|MD 500 Defender|
|An Afghan Air Force MD 530F Cayuse Warrior firing a .50 BMG (12.7 mm) heavy machine gun from its gun pod|
|Role||Light multi-role military helicopter|
|National origin||United States|
McDonnell Douglas Helicopter Systems
|Primary users||Republic of Korea Army|
Iraqi Air Force
Israeli Air Force
Philippine Air Force
|Developed from||Hughes OH-6 Cayuse|
MD Helicopters MD 500
The original OH-6 Cayuse helicopter proved its worth during the Vietnam War in the light helicopter role. The designers at Hughes realized there was a market for a light multi-mission helicopter with an improved equipment fit than the OH-6 and Model 500M. The resulting design was the Model 500MD Defender which first flew in 1976. It was tailored for specific roles including unarmed observation and an armed scout helicopter equipped with TOW anti-tank missiles. An anti-submarine version was developed with a search radar, magnetic anomaly detector and the capability to carry lightweight aerial torpedoes.
The helicopter was popular with customers like Kenya who could buy a capable anti-armor helicopter for less than half the cost of a gunship such as the AH-1 Cobra or the AH-64 Apache. Israel used the Defender extensively during the conflicts of the late 1970s and 1980s against Syrian armored forces.
The Defender was later built as an improved version as the MD530MG, with increased engine power, handling, avionics, and a redesigned forward fuselage. Later developments included a mast mounted sight (MMS).
In December 2012, Boeing demonstrated their Unmanned Little Bird to the South Korean Army. The pilotless aircraft flew autonomously in a 25-minute demonstration for the purpose of showing unmanned capabilities technologies, such as enhanced ISR and resupply, in the system that could be integrated into Army MD 500 helicopters. In October 2015, Korean Air Aerospace Division (KAL-ASD) unveiled a mock-up of their unmanned MD 500, designated the Korean Air Unmanned System-Vertical Helicopter (KUS-VH), featuring blacked out windows, a large fuel tank where the rear seats would be that extends endurance to four hours, and an armament of two Hellfire missiles and a 2.75 in (70 mm) rocket pod; unlike Boeing's optionally manned and unarmed ULB, the KUS-VH is completely unmanned and armed as well as having an EO/IR sensor. The KUS-VH is envisioned to perform missions including ISR, attack, aerial delivery, coast guard, amphibious landing support, and emergency reinforcement to back up manned helicopter units. A KUS-VH unit would consist of two to four aircraft and sensor packages, a ground control system and ground support system, and it could operate alone or in conjunction with manned attack helicopters. A request for proposals for an unmanned scout helicopter is expected in 2016-2017, for which the company says making the up to 175 MD 500s unmanned would be a cheap way of reusing them after retirement from service over the next 10 years for safely performing dangerous attack missions.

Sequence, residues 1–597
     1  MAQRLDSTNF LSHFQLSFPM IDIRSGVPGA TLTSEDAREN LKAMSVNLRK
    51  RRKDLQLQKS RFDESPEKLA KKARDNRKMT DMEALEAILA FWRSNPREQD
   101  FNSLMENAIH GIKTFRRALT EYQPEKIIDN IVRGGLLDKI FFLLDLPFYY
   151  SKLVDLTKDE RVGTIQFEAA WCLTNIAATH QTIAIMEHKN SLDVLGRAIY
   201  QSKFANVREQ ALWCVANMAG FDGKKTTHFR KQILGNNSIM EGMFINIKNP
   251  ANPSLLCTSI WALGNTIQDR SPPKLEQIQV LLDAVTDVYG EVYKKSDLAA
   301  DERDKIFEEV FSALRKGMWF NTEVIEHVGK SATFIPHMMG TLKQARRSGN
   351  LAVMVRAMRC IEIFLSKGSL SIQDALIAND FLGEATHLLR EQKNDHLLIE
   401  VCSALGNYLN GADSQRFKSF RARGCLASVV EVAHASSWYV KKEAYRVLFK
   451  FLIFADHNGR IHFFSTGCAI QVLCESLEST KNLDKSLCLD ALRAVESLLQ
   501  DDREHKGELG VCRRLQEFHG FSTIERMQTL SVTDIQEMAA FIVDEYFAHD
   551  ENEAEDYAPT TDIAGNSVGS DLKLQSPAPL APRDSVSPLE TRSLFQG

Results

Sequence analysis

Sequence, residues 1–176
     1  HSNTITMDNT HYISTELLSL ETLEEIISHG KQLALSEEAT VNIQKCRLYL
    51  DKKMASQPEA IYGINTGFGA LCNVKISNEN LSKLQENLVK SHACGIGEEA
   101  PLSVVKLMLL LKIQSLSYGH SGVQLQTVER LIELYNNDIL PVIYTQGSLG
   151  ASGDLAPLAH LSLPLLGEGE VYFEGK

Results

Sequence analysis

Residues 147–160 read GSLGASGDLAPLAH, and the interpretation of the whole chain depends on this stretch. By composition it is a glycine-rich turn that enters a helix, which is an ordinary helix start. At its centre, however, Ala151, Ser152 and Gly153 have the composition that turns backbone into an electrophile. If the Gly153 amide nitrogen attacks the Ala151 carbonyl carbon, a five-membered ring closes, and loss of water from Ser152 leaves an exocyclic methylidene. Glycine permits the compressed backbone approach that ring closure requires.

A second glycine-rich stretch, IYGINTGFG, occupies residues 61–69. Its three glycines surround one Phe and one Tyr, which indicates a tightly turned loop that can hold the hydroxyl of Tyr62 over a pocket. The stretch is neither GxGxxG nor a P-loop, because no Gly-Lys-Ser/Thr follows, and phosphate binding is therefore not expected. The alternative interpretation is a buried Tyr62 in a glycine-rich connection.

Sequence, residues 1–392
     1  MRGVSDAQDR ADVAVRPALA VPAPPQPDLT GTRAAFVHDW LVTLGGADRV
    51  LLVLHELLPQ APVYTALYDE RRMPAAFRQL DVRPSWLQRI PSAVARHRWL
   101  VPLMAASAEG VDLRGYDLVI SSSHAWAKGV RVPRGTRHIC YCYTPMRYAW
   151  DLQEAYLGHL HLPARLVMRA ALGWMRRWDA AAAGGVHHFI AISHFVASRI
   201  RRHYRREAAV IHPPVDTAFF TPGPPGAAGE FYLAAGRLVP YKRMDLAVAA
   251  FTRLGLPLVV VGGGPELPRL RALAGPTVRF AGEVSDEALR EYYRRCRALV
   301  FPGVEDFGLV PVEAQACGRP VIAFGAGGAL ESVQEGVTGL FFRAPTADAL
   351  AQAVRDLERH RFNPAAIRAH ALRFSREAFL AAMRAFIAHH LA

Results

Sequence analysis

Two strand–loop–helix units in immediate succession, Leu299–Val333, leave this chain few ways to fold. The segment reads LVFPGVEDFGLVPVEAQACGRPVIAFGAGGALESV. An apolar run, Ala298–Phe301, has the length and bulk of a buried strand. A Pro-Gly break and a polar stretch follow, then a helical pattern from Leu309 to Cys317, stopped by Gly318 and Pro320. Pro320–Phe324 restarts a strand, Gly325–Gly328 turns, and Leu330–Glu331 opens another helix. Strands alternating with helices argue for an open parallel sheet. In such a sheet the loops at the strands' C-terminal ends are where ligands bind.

MD Helicopters had submitted a version called the MD 540F in the U.S. Army's Armed Aerial Scout program. This caused Boeing to try to block MD Helicopters from participating, citing agreements the companies struck in 2005 to offer the Mission Enhanced Little Bird in the Armed Reconnaissance Helicopter program. As part of the venture, MD Helicopters sold intellectual property related to the aircraft's design. The two companies lost the bid and the program was ultimately cancelled. When MD Helicopters disclosed plans to offer the MD 540F in the AAS program in April 2012, Boeing claimed that they could not sell any "similarly configured" aircraft to any U.S. or foreign military organization. Boeing offered their AH-6 in the competition. MD Helicopters said Boeing did not object to previous sales to armed forces and governments in Japan, Jordan, and Italy, as well as to U.S. special operations, and local U.S. police forces. Restrictions on selling aircraft similar to the Little Bird, domestically or to foreign users, would have put the company out of business. In July 2013, a federal court ruled that MD Helicopters could not be blocked from offering their aircraft. The Army ended the AAS program in late 2013.
For civilian operators, see MD 500 series.
Data from Jane's All the World's Aircraft 1981-82
Aircraft of comparable role, configuration, and era
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